BookBrowse Reviews The Underground Railroad by Colson Whitehead

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The Underground Railroad

A Novel

by Colson Whitehead

The Underground Railroad by Colson Whitehead X
The Underground Railroad by Colson Whitehead
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  • First Published:
    Aug 2016, 320 pages

    Jan 2018, 336 pages


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Book Reviewed by:
Norah Piehl
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A young slave makes a desperate bid for freedom in the antebellum South.

Even when he's writing about zombies (like in Zone One) or poker (like in The Noble Hustle), Colson Whitehead demonstrates stunning intellectual and linguistic dexterity, often making unexpected connections and bridging gaps which cause readers to look, with fresh eyes, at things they might have thought they already knew everything about. The buzz for his new novel, The Underground Railroad, was already intense after fans learned that it would be a sort of alternative history of slavery in America; a return to the kind of social observation and rich historical reimagining that first gained him critical acclaim in books like John Henry Days and The Intuitionist. And then Oprah Winfrey chose The Underground Railroad to relaunch her book club – and it's no exaggeration to say that Colson Whitehead's novel has become one of the most talked about books of the year.

The Underground Railroad centers on Cora, a third-generation slave on a Georgia cotton plantation. Cora's only possession (in a manner of speaking), the one thing in the world she prizes above all else, is a small patch of land that her grandmother and then her mother Mabel also guarded and defended, carving out a small garden plot and nurturing what grew there. The yams from the plot, Cora believes, nourished Mabel during her successful escape from the Randall plantation when Cora was just a small child.

As the novel opens, Cora, who is still a very young woman, is offered the opportunity to escape. Another slave, Caesar, has learned that a new spur of the underground railroad - in Whitehead's world it is an actual railroad with tracks and trains - has been extended as far south as Georgia. A sympathetic white man has offered to help Caesar escape, and he wants to bring Cora – the legendary Mabel's daughter – along "for luck." At first, Cora declines, but after conditions on the plantation continue to deteriorate, she reluctantly agrees to accompany Caesar, filling her bag – as her mother did before her – with every last vegetable from her plot.

What follows is a journey both harrowing and exhilarating, as Cora travels through South and North Carolina, and as far away as Tennessee and Indiana. In nearly every place, she experiences both kindness and betrayal, fragile hope and staggering loss – and, of course, danger at every turn, right up to the final page.

Whitehead's novel is the best kind of historical fiction, one that prompts the reader to draw vital connections between past and present. It is suffused with real, true history, the history of slavery and its aftermath, whose painful and horrific stories are essential for modern-day readers to continue to confront. But it also is an alternative history, one in which an entire state bans black people on penalty of death while its neighboring state affords (on the surface anyway) more egalitarian options. And, of course, there's the physical underground railroad itself, which is, in Whitehead's telling, running on unpredictable schedules and routes through tunnels built by mysterious hands. "Look outside as you speed through," the conductor tells Cora before she embarks on her first voyage, "and you'll find the true face of America." Is that "face" the varied landscapes and social experiments she finds herself traveling through, Cora wonders much later, or is it the pure darkness of the tunnel walls? That question is left up to readers to interpret, as are the novel's numerous reflections on the ugly truths of slavery, racial tensions, and nation-building, many of which still resonate today.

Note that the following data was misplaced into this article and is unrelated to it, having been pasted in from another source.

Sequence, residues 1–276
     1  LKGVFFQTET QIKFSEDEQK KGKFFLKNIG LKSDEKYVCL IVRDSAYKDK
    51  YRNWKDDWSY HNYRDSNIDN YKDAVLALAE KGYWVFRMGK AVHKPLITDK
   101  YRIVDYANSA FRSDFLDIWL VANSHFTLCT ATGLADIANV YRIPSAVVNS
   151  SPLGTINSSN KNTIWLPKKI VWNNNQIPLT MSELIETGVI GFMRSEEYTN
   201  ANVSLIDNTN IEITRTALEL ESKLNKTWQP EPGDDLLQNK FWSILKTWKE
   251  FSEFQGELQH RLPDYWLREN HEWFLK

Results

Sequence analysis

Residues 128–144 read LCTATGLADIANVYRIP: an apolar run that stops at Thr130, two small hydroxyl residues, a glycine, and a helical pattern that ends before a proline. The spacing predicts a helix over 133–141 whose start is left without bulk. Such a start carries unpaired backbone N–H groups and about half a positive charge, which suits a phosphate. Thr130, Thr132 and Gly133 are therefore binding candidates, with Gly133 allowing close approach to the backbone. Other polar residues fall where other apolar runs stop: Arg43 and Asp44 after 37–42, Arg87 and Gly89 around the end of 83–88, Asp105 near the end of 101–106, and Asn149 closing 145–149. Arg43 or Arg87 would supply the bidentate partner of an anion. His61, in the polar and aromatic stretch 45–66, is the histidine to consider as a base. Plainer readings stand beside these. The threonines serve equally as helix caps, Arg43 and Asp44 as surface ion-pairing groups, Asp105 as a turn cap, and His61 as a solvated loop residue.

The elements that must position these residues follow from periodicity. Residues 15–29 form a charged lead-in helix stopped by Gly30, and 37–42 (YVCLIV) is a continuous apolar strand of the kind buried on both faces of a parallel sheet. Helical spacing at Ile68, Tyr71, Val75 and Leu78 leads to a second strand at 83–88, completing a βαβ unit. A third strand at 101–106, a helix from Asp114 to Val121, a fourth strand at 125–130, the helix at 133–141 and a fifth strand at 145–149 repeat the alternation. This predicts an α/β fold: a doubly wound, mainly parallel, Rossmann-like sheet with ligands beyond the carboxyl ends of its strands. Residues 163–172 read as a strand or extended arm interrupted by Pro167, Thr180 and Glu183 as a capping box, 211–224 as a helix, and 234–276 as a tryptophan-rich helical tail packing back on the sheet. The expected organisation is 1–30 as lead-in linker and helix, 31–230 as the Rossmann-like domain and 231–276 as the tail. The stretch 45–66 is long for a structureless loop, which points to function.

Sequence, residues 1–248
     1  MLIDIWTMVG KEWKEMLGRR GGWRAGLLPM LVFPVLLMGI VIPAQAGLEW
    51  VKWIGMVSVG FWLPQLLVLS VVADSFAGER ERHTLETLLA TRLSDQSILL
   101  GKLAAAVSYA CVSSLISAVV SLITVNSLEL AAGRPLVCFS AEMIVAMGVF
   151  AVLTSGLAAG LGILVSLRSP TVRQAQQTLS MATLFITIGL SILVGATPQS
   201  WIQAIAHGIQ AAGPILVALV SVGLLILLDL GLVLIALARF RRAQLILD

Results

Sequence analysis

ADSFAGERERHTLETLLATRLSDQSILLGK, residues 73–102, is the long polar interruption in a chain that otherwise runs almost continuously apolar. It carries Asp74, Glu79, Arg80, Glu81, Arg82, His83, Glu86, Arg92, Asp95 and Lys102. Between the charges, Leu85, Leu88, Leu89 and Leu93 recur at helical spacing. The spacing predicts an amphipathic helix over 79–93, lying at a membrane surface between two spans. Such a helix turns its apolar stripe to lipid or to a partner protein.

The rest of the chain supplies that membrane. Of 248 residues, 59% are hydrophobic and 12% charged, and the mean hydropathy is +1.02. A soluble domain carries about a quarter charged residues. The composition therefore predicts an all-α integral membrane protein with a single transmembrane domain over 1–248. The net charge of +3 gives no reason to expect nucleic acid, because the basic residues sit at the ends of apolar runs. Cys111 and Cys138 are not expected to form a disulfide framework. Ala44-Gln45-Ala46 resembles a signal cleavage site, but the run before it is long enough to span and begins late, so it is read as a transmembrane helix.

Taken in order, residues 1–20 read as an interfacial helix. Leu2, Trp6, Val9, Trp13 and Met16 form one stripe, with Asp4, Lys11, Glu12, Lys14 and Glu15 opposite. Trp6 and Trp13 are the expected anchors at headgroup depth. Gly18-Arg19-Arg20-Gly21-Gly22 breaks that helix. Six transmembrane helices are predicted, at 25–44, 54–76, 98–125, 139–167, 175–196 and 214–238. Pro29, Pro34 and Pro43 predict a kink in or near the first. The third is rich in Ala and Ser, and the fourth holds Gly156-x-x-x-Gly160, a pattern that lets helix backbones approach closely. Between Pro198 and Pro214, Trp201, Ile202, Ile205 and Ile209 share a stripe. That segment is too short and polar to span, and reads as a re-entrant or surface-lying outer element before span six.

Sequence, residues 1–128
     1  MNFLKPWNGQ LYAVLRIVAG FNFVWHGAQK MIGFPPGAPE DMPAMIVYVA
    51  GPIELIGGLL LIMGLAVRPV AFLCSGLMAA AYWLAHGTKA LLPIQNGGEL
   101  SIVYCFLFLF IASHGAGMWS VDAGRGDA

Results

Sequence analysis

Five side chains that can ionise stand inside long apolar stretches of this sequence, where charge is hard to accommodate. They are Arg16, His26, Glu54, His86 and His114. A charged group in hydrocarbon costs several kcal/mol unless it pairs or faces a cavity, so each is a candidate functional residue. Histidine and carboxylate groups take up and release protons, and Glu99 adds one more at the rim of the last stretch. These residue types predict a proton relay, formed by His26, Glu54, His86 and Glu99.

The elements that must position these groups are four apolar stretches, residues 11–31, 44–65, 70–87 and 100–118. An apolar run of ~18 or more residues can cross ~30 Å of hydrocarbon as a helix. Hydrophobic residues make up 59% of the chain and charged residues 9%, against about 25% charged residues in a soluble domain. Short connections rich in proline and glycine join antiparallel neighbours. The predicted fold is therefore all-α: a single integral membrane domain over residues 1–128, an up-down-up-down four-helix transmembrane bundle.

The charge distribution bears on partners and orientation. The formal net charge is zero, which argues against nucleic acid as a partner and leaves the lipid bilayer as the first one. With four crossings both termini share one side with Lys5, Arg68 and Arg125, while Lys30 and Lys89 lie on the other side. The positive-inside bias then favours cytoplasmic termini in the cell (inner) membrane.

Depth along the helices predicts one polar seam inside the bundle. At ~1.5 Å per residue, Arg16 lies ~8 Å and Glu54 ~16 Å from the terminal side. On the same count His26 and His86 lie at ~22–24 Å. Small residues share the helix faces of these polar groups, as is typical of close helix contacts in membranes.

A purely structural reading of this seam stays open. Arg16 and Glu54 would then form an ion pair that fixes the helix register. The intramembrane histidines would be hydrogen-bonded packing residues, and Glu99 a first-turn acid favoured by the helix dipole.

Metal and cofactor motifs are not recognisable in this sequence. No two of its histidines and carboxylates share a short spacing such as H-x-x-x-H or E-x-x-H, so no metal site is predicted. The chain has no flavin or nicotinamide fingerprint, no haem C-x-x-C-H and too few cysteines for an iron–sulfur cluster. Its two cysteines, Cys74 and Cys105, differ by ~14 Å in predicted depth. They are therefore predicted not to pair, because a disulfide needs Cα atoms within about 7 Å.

Near the end of the novel, one character offers Cora perhaps the most hopeful statement in the book, adopting the outlook that whites and blacks hold the keys to create and define their own future in this young, newly forming nation: "We are Africans in America," he tells her. "Something new in the history of the world, without models for what we will become…All I truly know is that we rise and fall as one, one colored family living next door to one white family. We may not know the way through the forest, but we can pick each other up when we fall, and we will arrive together." This ultimately optimistic vision for what America could become is, of course, palpably bittersweet for modern-day Americans to read. Reading The Underground Railroad offers plenty of reminders of just how far our nation has come since these darkest years in our history, but also countless reminders of just how far we have yet to travel before we arrive at any destination resembling that hopeful vision.

Reviewed by Norah Piehl

This review was originally published in The BookBrowse Review in September 2016, and has been updated for the February 2018 edition. Click here to go to this issue.

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